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REVIEW: Better Than People by Roan Parrish

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Garnet Run: Better Than People – Roan Parrish

It’s not long before their pet-centric arrangement sparks a person-centric desire…

Simon Burke has always preferred animals to people. When the countdown to adopting his own dog is unexpectedly put on hold, Simon turns to the PetShare app to find the fluffy TLC he’s been missing. Meeting a grumpy children’s book illustrator who needs a dog walker isn’t easy for the man whose persistent anxiety has colored his whole life, but Jack Matheson’s menagerie is just what Simon needs.

Four dogs, three cats and counting. Jack’s pack of rescue pets is the only company he needs. But when a bad fall leaves him with a broken leg, Jack is forced to admit he needs help. That the help comes in the form of the most beautiful man he’s ever seen is a complicated, glorious surprise.

Being with Jack—talking, waking, making out—is a game changer for Simon. And Simon’s company certainly…eases the pain of recovery for Jack. But making a real relationship work once Jack’s cast comes off will mean compromise, understanding and lots of love.


Peopling is something Jack Matheson has no patience for. Social gatherings and small talks were things he particularly avoided. Betrayed by a friend and recently injured by a bad fall, he spent his days moping while his brother, Charlie tried to coax him out of it.

One day, Jack got on Petshare, an app that matches a pet owner to a person interested in helping out with pets. It matched him with one very intriguing person named Simon Burke.

Peopling comes hard to Simon Burke. Having crippling anxiety where words stuck in his throat whenever he tries to talk to new people pretty much guarantees a solitary life with his grandmother as his only friend in the world. It took all his courage to knock on Jack’s door so that he could walk the dogs. Little did he know, their grumpy human would change his life.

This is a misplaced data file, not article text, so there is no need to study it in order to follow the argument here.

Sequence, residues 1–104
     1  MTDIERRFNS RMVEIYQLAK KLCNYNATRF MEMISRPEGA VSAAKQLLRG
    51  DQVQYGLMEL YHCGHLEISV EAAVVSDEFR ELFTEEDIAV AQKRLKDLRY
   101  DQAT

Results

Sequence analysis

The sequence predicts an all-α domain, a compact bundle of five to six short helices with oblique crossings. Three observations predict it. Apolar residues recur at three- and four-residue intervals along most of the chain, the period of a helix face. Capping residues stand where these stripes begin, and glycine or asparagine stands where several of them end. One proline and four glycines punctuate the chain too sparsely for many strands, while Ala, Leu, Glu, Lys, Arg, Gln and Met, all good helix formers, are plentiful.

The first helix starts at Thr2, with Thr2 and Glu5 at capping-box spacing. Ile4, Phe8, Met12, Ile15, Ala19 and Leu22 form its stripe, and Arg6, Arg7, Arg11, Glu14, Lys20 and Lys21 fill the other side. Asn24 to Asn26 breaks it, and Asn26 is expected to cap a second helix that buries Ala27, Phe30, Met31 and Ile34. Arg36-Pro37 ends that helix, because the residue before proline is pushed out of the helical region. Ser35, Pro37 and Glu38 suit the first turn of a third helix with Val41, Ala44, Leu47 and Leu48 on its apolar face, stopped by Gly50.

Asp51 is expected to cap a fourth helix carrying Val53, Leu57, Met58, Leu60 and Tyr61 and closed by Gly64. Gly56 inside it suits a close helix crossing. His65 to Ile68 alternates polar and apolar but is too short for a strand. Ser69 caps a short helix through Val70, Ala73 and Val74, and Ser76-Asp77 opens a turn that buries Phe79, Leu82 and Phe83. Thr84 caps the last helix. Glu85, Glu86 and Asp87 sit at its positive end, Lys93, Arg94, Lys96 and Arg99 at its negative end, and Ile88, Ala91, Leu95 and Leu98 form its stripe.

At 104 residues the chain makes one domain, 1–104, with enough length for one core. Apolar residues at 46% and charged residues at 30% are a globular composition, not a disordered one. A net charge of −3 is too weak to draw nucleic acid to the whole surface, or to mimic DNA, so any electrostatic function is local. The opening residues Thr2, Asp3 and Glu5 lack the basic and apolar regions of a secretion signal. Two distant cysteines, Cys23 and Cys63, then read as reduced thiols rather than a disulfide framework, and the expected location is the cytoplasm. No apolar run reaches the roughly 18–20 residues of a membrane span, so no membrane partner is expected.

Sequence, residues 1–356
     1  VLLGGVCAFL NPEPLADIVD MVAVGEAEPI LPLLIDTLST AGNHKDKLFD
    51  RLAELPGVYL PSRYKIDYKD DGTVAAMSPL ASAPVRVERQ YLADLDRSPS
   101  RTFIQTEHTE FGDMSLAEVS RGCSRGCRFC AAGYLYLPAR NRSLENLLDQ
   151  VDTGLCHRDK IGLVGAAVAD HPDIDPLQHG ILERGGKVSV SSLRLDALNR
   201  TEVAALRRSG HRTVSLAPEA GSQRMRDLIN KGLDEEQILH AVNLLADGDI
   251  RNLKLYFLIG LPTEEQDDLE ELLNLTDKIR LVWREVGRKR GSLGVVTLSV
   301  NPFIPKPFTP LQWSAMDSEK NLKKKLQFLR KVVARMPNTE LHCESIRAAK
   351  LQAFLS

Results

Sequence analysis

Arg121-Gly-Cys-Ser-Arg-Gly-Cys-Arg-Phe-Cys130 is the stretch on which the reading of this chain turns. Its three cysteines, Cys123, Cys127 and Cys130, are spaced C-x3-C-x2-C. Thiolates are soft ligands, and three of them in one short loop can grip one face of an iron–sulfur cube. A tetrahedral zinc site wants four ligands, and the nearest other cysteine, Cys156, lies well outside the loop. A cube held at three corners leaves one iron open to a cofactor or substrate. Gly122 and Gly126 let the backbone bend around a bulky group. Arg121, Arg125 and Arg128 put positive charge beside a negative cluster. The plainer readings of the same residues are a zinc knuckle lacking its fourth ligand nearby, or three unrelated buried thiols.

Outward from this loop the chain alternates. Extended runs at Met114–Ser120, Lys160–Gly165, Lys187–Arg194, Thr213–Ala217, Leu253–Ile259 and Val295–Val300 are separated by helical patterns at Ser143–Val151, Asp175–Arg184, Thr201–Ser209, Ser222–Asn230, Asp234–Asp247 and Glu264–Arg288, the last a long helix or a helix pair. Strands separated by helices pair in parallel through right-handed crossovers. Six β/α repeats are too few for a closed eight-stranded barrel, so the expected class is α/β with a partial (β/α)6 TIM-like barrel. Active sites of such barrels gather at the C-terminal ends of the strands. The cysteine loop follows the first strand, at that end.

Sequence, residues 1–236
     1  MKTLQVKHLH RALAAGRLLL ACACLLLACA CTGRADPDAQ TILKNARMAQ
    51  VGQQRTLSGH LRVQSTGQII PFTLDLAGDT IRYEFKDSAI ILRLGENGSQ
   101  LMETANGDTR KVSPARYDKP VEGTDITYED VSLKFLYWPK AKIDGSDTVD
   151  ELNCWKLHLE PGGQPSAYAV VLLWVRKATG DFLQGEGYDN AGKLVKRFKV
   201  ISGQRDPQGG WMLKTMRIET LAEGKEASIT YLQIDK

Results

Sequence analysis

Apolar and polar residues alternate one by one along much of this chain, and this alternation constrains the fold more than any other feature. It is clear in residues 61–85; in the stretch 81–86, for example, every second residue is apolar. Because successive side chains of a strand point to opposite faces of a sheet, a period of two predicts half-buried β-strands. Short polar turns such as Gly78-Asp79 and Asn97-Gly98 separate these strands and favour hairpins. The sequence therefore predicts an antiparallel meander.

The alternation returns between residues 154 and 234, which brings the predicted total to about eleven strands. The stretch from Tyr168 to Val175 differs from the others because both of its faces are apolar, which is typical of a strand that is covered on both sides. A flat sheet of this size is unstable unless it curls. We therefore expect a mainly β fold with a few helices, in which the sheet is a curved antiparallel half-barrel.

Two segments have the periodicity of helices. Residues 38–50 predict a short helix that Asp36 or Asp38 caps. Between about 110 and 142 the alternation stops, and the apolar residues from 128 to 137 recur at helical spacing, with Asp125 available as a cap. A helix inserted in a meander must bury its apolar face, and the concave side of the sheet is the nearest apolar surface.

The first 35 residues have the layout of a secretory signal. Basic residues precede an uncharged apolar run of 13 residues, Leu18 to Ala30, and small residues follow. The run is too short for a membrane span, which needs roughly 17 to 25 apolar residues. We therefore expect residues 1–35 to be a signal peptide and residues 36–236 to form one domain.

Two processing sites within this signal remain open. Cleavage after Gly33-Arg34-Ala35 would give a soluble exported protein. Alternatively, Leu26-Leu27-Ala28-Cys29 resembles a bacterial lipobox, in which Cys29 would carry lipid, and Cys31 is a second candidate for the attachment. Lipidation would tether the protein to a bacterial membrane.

As somebody who’s as socially awkward as they come, Jack and Simon are my people so I was immediately drawn to them. Having preference for furry, four-legged creatures over walking, talking two-legged ones is another point in their favor.

Simon’s condition was difficult. The author really did a good job making you feel his struggle to say something as simple as thank you. While I was reading it, I wondered, how does one even handle that level of anxiety? The amount of courage to push through the fear is extraordinary. Simon Burke is one of the strongest book person I know. I also loved that this shy man who struggles with words has a delightful streak of snark.

Jack might have anger and trust issues but he is kind. He noticed right away that Simon has words roiling inside that he couldn’t get out. He found ways for them to communicate. He was patient and gentle. He knew how to listen to the unspoken.

The story has the right amount of slow burn to allow the attraction to blossom into a sweet romance amidst challenging circumstances. They were both fiercely independent individuals who’s trying to make it through life alone. I loved the way they gradually became part of each other’s lives.

Drawing is a key element in the story. Jack is a children’s book illustrator and Simon is a graphic artist. His friend’s betrayal affected Jack so much he has not drawn for 8 months. It was Simon who helped him get his mojo back.

One of the heroes of this book is Charlie. He and Jack were orphaned when he was 17. He sacrificed so much to provide for his younger brother. Even as adults, he still selflessly cares for Jack despite Jack’s surly attitude. He was patient with Simon. He understood what it’s like to wake up fearing the day ahead. He is a sweetheart and he deserves his own happy ending.

I am thrilled that my soft, magical boy, Corbin Wale gets a much deserved homage. Jack is a huge fan of him. The way Jack described his drawings takes me back to his amazing book.

Better Than People is set in the same world as The Remaking of Corbin Wale. It charms you with the same whimsical writing though less dreamlike. While The Remaking of Corbin Wale has a surreal, magical realism vibe, this book is more realistic and angsty. It is also did not have quite the same intensity. I love this book but I wasn’t as swept away as I was with its predecessor.

Nonetheless, I highly recommend reading this after reading Corbin Wale’s story. The two can be read as standalones but Roan Parrish creates wonderful stories of soft boys made of sighs, spice, and steel, it’s always a pleasure to meet them all.

P.S.

Read my love for Corbin here.

Rating:
4 Stars – minor quibbles but I loved it to bits

Soundtrack: Impossible
Artist: Nothing But Thieves
Album: Moral Panic


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